European commercial real estate market stumbles in 2024

Dreams of a swift recovery in Europe's commercial real estate market have been dashed as the first quarter of 2024 witnessed a continued slump, marking the seventh consecutive quarter of decline according to new dataDreams of a swift recovery in Europe’s commercial real estate market have been dashed as the first quarter of 2024 witnessed a continued slump, marking the seventh consecutive quarter of decline. That is according to data released by MSCI Real Assets which paints a concerning picture, with completed commercial property transactions reaching a mere €34.5 billion in the first three months – a 26 percent drop compared to the same period in 2023. This translates to the lowest transaction volume since the third quarter of 2010, with the number of companies buying and selling properties also hitting a 12-year low.

The reasons behind this slowdown are multifaceted. The historically low-interest-rate environment that fueled a commercial real estate boom following the global financial crisis is a distant memory. Rising interest rates, a consequence of central banks battling inflation, have significantly impacted debt financing, a cornerstone of commercial property deals. This, coupled with the pandemic’s lasting impact on work patterns and a gloomy economic outlook, has dampened investor confidence.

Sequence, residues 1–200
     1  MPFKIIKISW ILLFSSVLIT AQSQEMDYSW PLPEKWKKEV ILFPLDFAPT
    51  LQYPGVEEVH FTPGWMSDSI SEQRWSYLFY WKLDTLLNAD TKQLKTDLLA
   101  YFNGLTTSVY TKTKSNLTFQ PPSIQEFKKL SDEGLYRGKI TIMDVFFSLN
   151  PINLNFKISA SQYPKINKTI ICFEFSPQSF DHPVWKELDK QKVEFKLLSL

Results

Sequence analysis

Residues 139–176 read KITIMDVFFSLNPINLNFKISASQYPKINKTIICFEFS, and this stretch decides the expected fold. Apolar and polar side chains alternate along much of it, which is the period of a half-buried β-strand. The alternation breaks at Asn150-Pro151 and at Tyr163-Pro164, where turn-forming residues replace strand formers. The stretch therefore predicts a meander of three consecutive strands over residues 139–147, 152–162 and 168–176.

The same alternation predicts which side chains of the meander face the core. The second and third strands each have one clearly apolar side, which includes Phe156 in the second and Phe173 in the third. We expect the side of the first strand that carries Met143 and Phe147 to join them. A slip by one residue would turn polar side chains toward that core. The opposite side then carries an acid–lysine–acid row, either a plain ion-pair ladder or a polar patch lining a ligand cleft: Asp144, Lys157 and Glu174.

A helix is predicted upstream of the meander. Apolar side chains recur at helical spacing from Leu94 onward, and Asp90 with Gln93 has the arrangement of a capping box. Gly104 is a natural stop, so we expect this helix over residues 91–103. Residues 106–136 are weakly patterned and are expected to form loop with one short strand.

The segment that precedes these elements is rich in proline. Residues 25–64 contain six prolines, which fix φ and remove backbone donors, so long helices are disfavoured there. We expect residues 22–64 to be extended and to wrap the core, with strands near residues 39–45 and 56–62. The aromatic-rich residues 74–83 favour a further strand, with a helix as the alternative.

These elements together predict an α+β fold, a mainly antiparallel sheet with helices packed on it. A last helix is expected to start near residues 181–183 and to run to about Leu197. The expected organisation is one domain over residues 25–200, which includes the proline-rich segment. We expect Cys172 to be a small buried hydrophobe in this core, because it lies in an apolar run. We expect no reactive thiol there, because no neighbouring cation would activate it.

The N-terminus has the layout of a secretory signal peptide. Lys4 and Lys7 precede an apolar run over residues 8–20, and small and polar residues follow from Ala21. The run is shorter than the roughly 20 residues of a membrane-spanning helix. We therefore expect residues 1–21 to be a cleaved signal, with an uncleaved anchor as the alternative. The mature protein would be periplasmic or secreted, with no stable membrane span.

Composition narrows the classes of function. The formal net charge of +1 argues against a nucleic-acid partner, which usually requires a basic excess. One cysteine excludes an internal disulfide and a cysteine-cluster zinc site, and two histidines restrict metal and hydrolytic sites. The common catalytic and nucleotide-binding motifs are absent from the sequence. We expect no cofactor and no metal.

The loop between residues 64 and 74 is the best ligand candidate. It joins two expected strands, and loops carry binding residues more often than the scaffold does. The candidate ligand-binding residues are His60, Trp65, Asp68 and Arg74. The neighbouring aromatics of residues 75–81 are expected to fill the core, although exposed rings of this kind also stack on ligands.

John O’Driscoll, global co-head of real estate for Axa IM Alts, emphasizes the crucial role of interest rates: “The direction on rates is a huge influencing force for our sector.” While inflation appears to be cooling, and a potential interest rate cut looms in the latter half of 2024, the market remains hesitant. Mr. O’Driscoll acknowledges that “early 2024 is an interesting re-entry point” for investment, but a “backlog of sellers” has emerged due to low volumes in the past two years, further complicating the situation.

The pain extends beyond domestic investors. Cross-border real estate acquisition volumes also plunged to their lowest level since 2010, representing less than 35% of total investment. US investors, previously a major source of cross-border capital, have scaled back significantly, according to MSCI.

A significant hurdle to deal completion is the stark discrepancy between buyer and seller expectations. A 20% gap between asking prices for London office properties and actual sale prices highlights this issue. This uncertainty has led to a worrying trend: a spike in terminated deals and properties being withdrawn from the market. Shockingly, data reveals 110 busted deals across Europe in Q1 2024, the highest level since the global financial crisis.

The situation is further aggravated by an increase in distressed sales, where property owners are forced to sell at a discount due to financial difficulties. Germany appears particularly vulnerable, with several large sales emerging from the July 2023 collapse of developer Centrum Group.

Experts warn that a swift recovery for the European commercial real estate market is unlikely. While a backlog of sellers exists due to recent low investment volumes, the current economic climate creates a challenging environment for transactions. The path forward remains unclear, with market participants anxiously awaiting a shift in interest rates and a more stable economic picture.